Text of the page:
The submitted proposals were presented to three advisers: Sven Stremke (expert in energy transition, WUR), Riëtte Bosch (urban planner and landscape architect, RVB) and Marlijn Baarveld (VER programme director for Transformation of the Landscape at the RCE). They evaluated the proposals based on the formulation of the assignment, the action plan, the pool of expertise involved and overall coherence. After two rounds of evaluation, the panel arrived at a shortlist of four proposals that it preferred above the other submissions:

Military heritage in transition -- New Dutch Waterline, Fort Pannerden
H+N+S Landscape Architects, the Relocal cooperative and Ro&Ad architects
ENDELK (Groningen dialect for ‘finally’) - Middag-Humsterland case
Regional Cooperative of Westerkwartier, Hanze University of Applied Sciences and Zuidhoorn Municipal Council
Energetic Eerbeek
BRIGHT, Florian de Visser, Werkend Landschap and Brummen Municipal Council
Implementation of Wet Energy cultivation to conserve peat-meadow landscape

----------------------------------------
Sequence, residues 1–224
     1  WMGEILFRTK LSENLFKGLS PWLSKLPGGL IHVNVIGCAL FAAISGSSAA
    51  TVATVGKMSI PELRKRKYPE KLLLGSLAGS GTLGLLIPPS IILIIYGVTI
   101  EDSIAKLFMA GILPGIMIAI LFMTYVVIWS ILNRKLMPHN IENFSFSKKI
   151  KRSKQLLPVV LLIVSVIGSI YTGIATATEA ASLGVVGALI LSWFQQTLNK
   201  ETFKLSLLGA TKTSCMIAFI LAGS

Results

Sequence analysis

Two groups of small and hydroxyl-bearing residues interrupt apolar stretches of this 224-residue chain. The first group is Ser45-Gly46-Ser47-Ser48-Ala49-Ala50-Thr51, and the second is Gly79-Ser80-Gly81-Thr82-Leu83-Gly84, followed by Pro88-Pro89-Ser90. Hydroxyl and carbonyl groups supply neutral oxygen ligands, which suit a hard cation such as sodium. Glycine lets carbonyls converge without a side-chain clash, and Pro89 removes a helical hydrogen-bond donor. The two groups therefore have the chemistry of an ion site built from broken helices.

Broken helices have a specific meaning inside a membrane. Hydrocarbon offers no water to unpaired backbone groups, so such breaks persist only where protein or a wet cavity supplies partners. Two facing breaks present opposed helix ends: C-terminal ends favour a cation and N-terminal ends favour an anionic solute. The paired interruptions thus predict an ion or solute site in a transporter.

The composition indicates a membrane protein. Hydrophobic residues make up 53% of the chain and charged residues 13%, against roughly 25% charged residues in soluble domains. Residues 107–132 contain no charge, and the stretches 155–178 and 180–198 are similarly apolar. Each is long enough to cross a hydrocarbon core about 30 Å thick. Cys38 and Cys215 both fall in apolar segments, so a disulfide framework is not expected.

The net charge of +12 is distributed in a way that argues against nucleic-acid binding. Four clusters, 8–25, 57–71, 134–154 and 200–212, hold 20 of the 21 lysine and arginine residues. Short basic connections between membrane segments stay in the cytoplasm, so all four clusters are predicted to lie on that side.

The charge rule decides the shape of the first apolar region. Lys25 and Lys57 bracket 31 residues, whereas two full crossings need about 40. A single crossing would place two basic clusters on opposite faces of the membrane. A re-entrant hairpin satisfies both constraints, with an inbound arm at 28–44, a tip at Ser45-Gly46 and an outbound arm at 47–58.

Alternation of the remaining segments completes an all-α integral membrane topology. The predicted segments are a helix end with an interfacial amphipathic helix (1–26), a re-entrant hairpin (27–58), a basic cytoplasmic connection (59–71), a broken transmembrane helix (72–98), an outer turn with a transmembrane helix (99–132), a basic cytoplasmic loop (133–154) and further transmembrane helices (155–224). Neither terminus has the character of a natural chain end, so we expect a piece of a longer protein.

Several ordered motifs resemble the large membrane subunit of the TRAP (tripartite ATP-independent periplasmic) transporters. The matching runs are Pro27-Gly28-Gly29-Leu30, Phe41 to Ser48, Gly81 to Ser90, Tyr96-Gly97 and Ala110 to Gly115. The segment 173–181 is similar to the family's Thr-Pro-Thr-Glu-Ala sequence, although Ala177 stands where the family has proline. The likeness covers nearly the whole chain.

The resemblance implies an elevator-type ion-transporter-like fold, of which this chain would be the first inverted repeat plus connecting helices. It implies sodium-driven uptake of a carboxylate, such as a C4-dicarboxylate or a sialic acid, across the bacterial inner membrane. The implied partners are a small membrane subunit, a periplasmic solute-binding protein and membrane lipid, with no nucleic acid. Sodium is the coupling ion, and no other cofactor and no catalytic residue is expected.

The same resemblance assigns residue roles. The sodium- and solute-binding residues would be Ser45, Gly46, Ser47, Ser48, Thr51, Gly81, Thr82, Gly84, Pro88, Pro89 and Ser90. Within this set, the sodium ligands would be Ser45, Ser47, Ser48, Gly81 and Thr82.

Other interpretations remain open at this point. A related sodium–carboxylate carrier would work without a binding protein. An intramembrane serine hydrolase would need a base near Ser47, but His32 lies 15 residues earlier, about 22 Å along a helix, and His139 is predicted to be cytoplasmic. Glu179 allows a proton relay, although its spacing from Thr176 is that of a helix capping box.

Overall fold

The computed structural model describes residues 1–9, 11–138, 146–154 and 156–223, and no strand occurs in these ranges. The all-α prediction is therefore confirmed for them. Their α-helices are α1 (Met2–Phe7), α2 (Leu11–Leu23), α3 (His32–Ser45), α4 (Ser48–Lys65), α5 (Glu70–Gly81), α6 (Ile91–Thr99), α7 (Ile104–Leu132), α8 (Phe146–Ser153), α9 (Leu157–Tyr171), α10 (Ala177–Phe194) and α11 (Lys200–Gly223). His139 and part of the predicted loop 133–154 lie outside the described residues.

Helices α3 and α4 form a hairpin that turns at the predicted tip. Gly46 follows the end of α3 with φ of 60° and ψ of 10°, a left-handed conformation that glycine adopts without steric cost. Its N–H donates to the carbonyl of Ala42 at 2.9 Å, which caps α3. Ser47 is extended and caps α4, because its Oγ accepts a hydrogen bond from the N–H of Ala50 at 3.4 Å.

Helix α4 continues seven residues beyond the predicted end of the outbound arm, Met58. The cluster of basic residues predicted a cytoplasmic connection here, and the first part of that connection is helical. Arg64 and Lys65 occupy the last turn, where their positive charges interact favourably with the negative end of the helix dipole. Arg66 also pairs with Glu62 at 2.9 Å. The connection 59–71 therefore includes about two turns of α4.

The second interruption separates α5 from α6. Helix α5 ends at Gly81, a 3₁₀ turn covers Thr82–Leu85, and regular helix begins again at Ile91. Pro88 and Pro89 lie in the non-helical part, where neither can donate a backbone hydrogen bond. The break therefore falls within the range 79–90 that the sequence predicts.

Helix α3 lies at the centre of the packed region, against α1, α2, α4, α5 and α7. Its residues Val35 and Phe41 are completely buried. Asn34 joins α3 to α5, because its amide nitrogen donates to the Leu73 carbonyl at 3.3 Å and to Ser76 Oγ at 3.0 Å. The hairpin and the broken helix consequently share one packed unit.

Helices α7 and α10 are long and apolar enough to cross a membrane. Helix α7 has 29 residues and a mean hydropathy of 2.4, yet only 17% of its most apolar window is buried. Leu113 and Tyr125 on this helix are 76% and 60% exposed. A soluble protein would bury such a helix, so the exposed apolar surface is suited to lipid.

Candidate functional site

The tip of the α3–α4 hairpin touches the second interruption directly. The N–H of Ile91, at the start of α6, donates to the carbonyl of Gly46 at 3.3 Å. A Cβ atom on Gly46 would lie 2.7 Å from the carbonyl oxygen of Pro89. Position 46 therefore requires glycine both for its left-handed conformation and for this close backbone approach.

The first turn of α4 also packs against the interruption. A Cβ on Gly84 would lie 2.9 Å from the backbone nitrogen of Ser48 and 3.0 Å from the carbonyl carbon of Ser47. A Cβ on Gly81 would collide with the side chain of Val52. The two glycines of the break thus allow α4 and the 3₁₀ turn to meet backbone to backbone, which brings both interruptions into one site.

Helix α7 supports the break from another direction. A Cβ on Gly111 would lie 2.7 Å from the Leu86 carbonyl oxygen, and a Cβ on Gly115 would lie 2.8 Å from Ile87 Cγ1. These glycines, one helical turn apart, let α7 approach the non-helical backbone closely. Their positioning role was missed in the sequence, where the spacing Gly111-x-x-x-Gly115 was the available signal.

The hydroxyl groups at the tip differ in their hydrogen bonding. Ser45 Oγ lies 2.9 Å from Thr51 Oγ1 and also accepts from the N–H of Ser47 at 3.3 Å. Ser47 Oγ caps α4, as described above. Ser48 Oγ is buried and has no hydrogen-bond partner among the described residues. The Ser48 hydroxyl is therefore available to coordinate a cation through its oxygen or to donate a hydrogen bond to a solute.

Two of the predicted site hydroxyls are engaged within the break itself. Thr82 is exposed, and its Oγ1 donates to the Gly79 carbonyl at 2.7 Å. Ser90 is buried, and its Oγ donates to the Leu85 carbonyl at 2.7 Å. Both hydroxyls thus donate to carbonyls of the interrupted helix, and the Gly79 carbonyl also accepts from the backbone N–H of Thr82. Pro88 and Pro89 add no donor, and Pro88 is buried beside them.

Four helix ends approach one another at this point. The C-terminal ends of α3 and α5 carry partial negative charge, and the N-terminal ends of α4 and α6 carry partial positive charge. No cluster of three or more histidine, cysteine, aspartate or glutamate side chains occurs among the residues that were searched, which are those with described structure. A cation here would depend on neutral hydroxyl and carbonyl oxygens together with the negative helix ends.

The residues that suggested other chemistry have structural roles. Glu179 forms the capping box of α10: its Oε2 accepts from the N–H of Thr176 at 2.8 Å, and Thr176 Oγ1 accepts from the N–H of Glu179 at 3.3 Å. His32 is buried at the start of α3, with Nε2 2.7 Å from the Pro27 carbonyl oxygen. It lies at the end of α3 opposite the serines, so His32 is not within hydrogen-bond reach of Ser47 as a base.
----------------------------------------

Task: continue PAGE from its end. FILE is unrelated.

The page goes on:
SMARTLAND, Bureau Lantschap, several water boards, Radboud University/B-ware, Veenweide Innovation Centre (VIC) and various farmers

All the selected proposals proceed from an area-specific approach to energy transition with consideration for natural beauty and cultural-historical qualities. They focus on various landscape typologies in the provinces of Groningen, Gelderland, North Holland and Utrecht. The spatial and strategic introduction of a diversity of renewable sources of energy is being investigated within these different contexts on the basis of actual cases: the adoption of solar and wind energy in the countryside, geothermal power in combination with energy-cascade landscapes, and the implementation of reed mace (a.k.a. bulrush) cultivation to combat oxidation and subsidence in peat-meadow areas and to produce energy from biomass to give some examples.